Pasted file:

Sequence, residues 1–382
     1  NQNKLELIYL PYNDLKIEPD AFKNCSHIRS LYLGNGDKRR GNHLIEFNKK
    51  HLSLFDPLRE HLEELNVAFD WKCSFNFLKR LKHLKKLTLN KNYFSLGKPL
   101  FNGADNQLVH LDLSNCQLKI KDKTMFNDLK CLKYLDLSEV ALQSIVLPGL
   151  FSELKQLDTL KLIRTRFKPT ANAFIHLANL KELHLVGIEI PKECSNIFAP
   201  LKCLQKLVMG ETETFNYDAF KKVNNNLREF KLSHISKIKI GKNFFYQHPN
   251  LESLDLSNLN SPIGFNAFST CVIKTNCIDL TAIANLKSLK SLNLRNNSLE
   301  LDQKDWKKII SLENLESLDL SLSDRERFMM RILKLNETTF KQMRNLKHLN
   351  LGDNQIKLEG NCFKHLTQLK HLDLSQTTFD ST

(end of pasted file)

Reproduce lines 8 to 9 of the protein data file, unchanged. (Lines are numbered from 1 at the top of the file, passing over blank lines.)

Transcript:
   301  LDQKDWKKII SLENLESLDL SLSDRERFMM RILKLNETTF KQMRNLKHLN
   351  LGDNQIKLEG NCFKHLTQLK HLDLSQTTFD ST